Secret Ties Between U.A.E. and Israel Paved Way for Diplomatic Relations Dion Nissenbaum WSJ, Aug. 14, 2020
The diplomatic breakthrough between Israel and the United Arab Emirates caps more than a quarter-century of deepening—but largely secret—business and security ties between the two countries that signals a major shift in the geopolitics of the Middle East.
A major driver bringing the Israelis and Emiratis together has been their shared distrust of Iran, which they view as a destabilizing force in the region, and their concern about its growing military capabilities. That drove increasing intelligence cooperation between the two, according to current and former U.S. officials.
Business connections also grew. Even though the two nations didn’t maintain direct air or telecommunications links, deals got done. It became possible to hear Israeli businessmen quietly speaking Hebrew in certain Dubai hotels.
“This was more or less something that has developed, I would say, organically” and in “many, many areas,” said Anwar Gargash, Emirati minister of state for foreign affairs. This week, he said, the establishment of diplomatic relations transformed it into “something tangible.”
Thursday’s agreement now paves the way for other Arab and Muslim nations that have warming relations with Israel, including Bahrain, Oman and Morocco, to follow the Emirati lead. Trump administration officials said they are cautiously optimistic that they will see similar steps by the end of this year.
Like the U.A.E., other Arab nations have quietly developed budding business, security and intelligence ties with Israel. Israeli businessmen have meetings with Saudi counterparts in Riyadh restaurants. In 2018, Israeli Prime Minister Benjamin Netanyahu made a rare visit to Oman. Morocco is looking at opening up commercial flights with Israel. And last year, the foreign ministers of Bahrain and Israel had their first public meeting in Washington.
Bahrain hailed the deal, but didn’t respond to request for comment about its own relations with Israel. U.S. officials said they expect Bahrain will be the next to follow the Emirati lead. A tentative outreach from Israel to the U.A.E in the 1990s planted the first seeds from which the relationship grew, according to people familiar with the talks. Israeli diplomats quietly met with Emirati intermediaries to talk about the U.A.E.’s efforts to buy new F-16 fighters from America.Then, as now, Israel was concerned about maintaining its military edge over its Middle East neighbors. After discussing the deal with Emiratis, Israel told the U.S. it wouldn’t object to the sale.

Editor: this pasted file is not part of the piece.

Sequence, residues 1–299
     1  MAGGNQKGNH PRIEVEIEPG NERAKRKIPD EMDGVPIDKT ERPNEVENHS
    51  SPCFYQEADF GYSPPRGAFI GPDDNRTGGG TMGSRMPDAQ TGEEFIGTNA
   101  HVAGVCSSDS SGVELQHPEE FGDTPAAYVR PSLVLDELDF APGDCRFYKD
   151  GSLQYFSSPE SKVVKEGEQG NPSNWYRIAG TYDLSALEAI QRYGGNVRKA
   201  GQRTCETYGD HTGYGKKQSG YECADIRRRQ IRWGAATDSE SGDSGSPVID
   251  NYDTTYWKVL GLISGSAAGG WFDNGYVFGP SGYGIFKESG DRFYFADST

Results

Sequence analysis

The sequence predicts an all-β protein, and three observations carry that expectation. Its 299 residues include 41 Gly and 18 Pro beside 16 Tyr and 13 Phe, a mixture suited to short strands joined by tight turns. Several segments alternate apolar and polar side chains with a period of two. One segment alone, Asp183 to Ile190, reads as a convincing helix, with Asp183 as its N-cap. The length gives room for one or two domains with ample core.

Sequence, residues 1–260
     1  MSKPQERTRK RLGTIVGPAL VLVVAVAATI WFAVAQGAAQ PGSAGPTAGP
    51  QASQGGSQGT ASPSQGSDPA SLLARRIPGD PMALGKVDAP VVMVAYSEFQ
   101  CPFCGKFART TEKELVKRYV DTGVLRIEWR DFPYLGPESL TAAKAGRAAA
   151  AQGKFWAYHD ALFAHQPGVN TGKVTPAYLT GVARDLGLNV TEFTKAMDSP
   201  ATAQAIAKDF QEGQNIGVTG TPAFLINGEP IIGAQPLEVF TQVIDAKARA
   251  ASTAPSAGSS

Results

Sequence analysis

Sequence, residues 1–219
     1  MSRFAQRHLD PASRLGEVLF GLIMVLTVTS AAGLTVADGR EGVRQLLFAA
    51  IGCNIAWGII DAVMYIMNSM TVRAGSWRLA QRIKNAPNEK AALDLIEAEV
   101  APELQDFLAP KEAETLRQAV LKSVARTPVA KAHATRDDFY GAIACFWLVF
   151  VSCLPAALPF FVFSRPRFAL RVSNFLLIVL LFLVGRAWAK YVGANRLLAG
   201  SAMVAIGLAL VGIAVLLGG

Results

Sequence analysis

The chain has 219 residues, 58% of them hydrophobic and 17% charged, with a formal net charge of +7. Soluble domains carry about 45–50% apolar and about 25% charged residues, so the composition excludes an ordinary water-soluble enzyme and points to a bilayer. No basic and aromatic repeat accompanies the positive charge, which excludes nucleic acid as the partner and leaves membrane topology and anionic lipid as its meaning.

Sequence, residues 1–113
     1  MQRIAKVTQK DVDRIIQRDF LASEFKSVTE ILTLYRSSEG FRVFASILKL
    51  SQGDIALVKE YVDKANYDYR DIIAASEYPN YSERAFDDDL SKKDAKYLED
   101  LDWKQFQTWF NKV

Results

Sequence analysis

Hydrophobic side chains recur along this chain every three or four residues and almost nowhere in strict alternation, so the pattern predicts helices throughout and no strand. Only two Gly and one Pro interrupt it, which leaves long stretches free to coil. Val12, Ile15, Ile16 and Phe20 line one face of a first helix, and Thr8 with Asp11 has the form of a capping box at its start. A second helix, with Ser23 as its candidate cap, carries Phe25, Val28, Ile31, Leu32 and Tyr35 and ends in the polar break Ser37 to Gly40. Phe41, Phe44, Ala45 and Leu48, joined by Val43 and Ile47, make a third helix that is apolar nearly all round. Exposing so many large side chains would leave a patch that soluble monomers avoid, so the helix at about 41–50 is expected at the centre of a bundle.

There have been ups and downs. Relations took a hit in 2009, when the U.A.E. denied a visa to Shahar Pe’er, one of Israel’s most celebrated tennis players, who was planning to compete in the Dubai Tennis Championships.
She would have been the first professional Israeli athlete to compete in the U.A.E., but the initiative was derailed after organizers said they couldn’t let an Israeli compete weeks after an Israeli military campaign in the Palestinian-populated Gaza Strip. Venus Williams condemned the Emirati visa denial and Andy Roddick withdrew from the tournament in protest. … [To read the full article, click the following LINK – Ed.] ______________________________________________________
Conrad Black: One Step Closer to Israeli Normalization Conrad Black National Post, Aug. 14, 2020
The announcement on Thursday of the finalization of talks to normalize and tighten relations between Israel and the United Arab Emirates is an important step toward general Arab acceptance of the right of Israel to exist as a Jewish state. Often forgotten in the endless and bitter wars and arguments over Israel’s status is the fact that it was specifically set up by a unanimous vote of the founding members of the United Nations on the motion of Soviet leader Joseph Stalin’s ambassador, seconded by U.S. President Harry Truman’s ambassador, at a time when they already agreed on little else, that Israel was being established from the League of Nations mandate as a homeland for the Jews. This development in 1948 was effectively an acknowledgement by the international community that the unspeakable atrocities inflicted upon the Jewish people in Germany and Nazi-occupied Europe required action by the whole world to give the ancient and talented Jewish people a national home where they could give refuge to their persecuted coreligionists. Vivid in the recollections and the consciences of all Western nations were the pathetic and horrifying travails of the persecuted Jews of Europe in the 1930s.